Another quirk to the small sensor, especially of the CCD type, was poor ISO performance. Even on my much later Pentax K10D, with its dramatically larger APS-C CCD sensor, the ISO output at 800 and beyond was, at best, err, terrible. So I wasn’t expecting great results from the S3000, to say the least. But Fuji equipped this early digital camera with an ISO secret weapon. Namely, poor high ISO performance was rendered irrelevant simply by not offering high ISO at all.
Actually, you can have any ISO you want as long as it is ISO100. There are simply no other options. Which brings me back to the opening premise of this article. If you hit the streets with the Fuji S3000, you’ve effectively loaded in a roll of ISO100 film, and you just have to deal with it. Find good light, a stable rest, or both if you want to dabble in any form of moderate-light photography. In that sense, this is a film camera sporting a digital output.
Teensy weensy screen
There is a small LCD screen on the back for reviewing images and making (limited) changes to the parameters. It
There are some manual controls. I found that, in good light, outdoors, I usually set the aperture to f/4.8 as a rather limited shutter speed range was often exceeded at f/2.8. Changing the aperture is a somewhat tedious affair and if I could leave it set at f/2.8 I would, given such a small sensor has a
RAW shooters need not apply
Are you a RAW shooter? If so, look away now because it’s not an option here. It’s Jpegs or nothing. No fancy editing after the fact for you, sir. You can choose the quality though. Oh, the luxury of opting for 3MP output. Why would you not?
Well, this raised another totally unsought problem. You see, this camera shipped with a 16 meg XD memory card. Note that I said meg. Not gig. The significance of this was entirely lost on me at first. Until I inserted some AA batteries (yea, verily does this olde camera run on olde world power), inserted the XD card and was greeted with the shocking news that I had enough storage for — wait for it — all of 19 images. I kid you not, I stood in a park in the middle of Melbourne with a ten dollar camera anchored at ISO100 and just 19 frames available! Surely this is film shooting in everything but literal truth?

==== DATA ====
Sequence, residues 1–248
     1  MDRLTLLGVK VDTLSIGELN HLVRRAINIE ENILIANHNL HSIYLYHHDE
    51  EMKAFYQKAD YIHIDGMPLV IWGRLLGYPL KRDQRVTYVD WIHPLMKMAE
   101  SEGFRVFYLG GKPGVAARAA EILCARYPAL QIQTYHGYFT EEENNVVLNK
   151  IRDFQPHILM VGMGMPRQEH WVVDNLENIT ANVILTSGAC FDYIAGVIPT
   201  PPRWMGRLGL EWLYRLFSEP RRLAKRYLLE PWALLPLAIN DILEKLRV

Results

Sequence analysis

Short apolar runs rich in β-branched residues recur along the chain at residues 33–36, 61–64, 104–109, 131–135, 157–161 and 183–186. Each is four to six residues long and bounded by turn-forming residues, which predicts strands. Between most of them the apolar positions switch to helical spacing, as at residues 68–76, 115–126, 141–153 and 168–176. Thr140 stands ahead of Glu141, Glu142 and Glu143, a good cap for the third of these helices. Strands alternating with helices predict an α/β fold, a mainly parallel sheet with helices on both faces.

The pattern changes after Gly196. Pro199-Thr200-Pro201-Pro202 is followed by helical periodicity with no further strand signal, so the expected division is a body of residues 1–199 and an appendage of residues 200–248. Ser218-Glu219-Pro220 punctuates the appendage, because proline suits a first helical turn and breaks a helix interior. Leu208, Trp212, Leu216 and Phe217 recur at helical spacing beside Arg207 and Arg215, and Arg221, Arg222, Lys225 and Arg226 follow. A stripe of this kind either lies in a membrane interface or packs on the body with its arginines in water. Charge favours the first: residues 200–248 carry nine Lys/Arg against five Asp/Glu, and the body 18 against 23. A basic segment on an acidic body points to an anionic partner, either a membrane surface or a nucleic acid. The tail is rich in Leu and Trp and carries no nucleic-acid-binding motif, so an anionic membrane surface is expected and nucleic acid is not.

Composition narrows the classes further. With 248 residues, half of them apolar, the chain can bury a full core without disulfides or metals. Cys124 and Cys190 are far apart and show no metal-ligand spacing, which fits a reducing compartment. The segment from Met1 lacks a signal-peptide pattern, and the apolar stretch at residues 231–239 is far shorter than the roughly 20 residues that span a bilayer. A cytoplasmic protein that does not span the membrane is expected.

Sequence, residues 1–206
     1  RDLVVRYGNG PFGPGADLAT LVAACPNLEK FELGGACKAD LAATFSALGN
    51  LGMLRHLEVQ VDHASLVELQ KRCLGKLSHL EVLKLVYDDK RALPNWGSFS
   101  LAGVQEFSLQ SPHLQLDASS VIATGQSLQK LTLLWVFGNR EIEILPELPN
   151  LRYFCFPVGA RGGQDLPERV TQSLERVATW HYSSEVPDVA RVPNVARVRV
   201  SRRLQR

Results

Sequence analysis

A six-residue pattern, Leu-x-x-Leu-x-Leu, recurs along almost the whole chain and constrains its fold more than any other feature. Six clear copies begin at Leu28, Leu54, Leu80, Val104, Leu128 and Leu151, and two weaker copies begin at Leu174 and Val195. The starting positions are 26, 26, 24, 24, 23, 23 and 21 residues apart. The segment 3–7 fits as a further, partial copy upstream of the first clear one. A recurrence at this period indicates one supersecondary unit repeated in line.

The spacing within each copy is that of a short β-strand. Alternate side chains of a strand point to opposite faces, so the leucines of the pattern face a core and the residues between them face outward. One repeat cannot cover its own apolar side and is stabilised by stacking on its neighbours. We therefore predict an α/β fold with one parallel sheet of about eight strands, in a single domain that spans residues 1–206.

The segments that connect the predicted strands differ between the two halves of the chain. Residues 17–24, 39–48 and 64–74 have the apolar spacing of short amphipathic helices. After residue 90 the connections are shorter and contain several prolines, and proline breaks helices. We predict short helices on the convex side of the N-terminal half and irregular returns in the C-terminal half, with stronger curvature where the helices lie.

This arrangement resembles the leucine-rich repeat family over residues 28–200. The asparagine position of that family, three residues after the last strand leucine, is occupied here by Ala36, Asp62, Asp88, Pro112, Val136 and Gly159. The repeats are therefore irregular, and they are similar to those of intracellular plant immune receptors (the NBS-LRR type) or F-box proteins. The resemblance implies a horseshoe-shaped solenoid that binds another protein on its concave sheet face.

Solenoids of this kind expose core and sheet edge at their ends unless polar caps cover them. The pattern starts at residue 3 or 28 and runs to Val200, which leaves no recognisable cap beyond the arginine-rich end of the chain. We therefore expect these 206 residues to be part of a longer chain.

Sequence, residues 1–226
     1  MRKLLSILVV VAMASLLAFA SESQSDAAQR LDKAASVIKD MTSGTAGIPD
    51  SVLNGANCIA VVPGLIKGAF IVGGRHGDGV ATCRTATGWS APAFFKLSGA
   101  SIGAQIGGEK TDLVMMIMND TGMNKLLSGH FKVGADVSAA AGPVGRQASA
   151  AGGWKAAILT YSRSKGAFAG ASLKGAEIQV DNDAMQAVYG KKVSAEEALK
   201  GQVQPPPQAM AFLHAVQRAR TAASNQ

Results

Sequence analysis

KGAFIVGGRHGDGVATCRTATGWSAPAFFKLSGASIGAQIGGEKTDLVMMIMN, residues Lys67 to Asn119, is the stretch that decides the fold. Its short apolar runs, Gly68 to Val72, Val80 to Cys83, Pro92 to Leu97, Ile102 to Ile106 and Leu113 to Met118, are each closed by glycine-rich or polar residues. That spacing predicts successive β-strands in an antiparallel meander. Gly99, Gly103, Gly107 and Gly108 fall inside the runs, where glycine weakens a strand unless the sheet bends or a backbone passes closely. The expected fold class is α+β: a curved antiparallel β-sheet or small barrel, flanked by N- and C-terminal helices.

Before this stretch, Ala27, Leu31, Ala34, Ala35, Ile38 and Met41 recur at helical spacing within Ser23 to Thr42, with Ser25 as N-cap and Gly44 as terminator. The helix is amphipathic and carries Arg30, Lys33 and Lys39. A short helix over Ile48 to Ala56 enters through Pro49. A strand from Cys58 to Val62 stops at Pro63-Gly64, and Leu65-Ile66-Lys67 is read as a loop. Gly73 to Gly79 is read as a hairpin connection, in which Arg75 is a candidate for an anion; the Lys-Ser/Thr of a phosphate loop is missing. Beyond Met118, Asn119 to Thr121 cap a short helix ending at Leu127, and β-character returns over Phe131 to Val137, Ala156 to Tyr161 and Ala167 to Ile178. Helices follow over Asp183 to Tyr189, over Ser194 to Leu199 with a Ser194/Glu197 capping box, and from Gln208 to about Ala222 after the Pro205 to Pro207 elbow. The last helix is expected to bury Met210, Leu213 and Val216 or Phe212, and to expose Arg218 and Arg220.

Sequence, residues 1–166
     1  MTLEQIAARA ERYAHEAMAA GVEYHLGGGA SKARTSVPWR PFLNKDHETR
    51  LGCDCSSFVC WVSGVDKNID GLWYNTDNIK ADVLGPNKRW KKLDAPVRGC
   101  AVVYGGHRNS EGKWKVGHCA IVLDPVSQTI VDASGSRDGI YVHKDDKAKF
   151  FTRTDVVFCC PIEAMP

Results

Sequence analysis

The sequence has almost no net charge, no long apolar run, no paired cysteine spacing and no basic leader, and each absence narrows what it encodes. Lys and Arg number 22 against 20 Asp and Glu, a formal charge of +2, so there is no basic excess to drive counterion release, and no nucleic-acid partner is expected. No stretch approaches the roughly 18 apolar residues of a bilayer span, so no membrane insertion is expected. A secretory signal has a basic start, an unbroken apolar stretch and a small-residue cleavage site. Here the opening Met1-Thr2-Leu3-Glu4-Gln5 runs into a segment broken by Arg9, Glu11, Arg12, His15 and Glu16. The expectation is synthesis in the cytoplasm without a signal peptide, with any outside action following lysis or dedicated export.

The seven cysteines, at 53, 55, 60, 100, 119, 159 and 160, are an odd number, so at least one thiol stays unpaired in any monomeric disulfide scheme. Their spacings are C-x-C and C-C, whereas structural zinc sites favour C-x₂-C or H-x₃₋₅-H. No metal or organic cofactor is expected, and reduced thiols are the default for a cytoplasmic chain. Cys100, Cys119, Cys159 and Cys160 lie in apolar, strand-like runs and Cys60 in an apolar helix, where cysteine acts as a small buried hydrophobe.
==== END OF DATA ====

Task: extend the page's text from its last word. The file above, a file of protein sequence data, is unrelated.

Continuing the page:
So, challenge accepted. I shot sparingly. I ceased worrying about reviewing the images, I couldn’t tell what the results would be anyway. I tried to find several varying shooting scenarios and subject matter. I came to accept the shutter lag. Sneaking in some shots throughout my working day, I filled the card, laughed at the absurdity of it all and headed for home to see how rubbish my efforts had been.
But even that wasn’t straightforward. I discovered that I didn’t have a cable that would fit this camera. My laptop certainly didn’t have a slot for anything as archaic as an original XD and I threw out my card readers long ago. So, I had to wait, unaware of what images I’d actually captured.